"If you are inactive, adding a 10 minute walk every day could improve your likelihood of a good night's sleep," says Max Hirshkowitz, Ph.D., poll task force chair. "Making this small change and gradually working your way up to more intense activities like running or swimming could help you sleep better."


Those who report exercising close to bedtime and earlier in the day do not demonstrate a difference in self-reported sleep quality. In fact, for most people exercise at any time seems to be better for sleep than no exercise at all.


"Exercise is beneficial to sleep. It's time to put exercise – any time – at the top of our list for healthy sleep habits," says Dr. Barbara Phillips, poll task force member.


We wish you an active, healthy week with some good rest!


-Your Plow & He♥rt Fitness Team

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Health & Fitness  
Lifestyle Tips from the Plow & Heart Fitness Team: New Sneakers
By Plow & Hearth
8/16/2014 10:30:00 AM  

Developed to be protective and add traction, running/walking shoes have  evolved to incorporate lightweight materials that cushion the foot from the trauma of walking or running. Most cushioning comes from EVA foam, a lightweight material injected with air cells designed to absorb impact.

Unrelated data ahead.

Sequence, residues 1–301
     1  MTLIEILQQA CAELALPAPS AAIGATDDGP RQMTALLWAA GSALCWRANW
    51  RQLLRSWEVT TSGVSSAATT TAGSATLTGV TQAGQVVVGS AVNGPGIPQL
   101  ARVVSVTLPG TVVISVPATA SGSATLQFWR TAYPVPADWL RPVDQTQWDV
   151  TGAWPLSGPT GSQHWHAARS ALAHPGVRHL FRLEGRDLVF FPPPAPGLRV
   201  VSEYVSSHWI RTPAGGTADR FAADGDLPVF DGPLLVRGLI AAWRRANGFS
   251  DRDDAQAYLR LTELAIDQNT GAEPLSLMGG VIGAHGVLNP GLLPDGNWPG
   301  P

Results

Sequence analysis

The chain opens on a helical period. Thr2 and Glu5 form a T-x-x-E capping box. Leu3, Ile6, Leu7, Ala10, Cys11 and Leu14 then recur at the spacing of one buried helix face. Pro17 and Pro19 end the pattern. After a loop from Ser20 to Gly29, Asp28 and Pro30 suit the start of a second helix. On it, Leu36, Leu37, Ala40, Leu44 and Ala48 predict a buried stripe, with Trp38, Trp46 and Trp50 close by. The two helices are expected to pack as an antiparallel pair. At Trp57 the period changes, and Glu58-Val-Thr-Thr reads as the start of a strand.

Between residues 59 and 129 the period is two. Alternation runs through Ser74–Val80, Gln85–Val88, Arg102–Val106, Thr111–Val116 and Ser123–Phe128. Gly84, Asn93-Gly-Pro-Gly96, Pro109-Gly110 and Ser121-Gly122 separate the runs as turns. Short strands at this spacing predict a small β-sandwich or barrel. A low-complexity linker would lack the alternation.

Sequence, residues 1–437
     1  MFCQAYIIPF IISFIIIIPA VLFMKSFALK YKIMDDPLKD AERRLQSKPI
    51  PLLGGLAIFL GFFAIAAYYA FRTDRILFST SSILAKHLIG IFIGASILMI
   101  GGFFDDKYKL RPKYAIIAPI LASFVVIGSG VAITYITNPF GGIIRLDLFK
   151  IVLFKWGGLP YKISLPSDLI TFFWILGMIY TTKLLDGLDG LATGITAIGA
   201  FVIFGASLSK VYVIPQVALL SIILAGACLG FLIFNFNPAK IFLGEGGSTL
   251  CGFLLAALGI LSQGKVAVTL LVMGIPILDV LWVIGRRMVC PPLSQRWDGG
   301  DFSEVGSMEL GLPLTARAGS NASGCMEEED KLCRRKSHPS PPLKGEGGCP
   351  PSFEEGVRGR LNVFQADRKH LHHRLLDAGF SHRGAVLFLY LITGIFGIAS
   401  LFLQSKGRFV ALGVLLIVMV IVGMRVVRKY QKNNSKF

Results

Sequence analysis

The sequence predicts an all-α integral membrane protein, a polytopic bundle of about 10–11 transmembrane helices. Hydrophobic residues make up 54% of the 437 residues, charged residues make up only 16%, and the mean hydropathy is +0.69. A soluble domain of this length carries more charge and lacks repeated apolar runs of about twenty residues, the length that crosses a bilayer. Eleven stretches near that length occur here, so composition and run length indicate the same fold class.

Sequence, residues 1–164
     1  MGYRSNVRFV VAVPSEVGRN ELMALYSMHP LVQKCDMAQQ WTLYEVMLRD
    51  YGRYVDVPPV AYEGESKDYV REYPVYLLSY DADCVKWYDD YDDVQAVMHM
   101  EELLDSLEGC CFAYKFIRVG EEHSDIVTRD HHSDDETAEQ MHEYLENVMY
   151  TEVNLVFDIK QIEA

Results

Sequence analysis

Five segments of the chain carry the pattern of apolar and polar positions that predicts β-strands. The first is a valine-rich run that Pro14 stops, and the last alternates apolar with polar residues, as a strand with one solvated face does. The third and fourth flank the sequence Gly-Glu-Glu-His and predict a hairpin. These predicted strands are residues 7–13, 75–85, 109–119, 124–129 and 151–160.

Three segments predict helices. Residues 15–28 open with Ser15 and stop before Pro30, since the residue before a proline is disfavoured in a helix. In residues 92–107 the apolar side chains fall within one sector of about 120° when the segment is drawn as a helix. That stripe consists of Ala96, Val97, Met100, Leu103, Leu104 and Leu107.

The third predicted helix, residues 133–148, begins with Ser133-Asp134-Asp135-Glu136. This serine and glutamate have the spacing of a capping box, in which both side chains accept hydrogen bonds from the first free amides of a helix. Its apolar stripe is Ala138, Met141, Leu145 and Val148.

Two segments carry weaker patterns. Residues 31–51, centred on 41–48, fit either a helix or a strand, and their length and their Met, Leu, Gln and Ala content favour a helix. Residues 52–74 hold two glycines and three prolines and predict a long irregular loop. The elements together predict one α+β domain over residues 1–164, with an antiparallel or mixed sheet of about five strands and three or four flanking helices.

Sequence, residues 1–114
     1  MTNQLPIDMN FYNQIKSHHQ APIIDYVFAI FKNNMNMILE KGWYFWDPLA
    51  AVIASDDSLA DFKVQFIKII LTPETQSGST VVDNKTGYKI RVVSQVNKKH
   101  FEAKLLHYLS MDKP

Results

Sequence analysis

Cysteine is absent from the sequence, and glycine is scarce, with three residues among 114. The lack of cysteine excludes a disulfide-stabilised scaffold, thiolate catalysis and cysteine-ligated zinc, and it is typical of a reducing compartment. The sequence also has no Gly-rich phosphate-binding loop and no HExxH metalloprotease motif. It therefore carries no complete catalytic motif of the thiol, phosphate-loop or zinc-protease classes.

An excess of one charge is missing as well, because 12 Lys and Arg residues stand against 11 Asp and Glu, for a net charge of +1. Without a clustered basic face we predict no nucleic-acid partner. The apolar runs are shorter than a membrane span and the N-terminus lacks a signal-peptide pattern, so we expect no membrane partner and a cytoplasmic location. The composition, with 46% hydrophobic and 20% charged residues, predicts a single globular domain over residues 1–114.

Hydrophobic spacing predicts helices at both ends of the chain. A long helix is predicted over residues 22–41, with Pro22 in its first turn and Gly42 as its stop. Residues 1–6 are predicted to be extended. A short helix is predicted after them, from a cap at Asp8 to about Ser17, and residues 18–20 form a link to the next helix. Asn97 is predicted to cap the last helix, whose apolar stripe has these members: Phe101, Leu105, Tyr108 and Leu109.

But, like all good things, the foam eventually loses its magic, that can happen anywhere from 300 to 500 miles after the first wear. For a runner/walker doing five 3-mile runs or walks per week, that comes out to a new pair every five to six months. (Let’s hope Santa comes twice this year!).


“According to some researchers, running/walking shoes should be replaced anywhere from 300 to 500 miles after the first wear.”


Why rush to pick up a new pair? Once that foam wears out, the risk of overuse injuries increases, because the material has lost its ability to absorb shock. While some overuse injuries (like shin splints are minor, others (like tendinitis) might require more serious treatment. One good way to avoid these issues: Regularly trading in your old shoes for new kicks.


Your Action Plan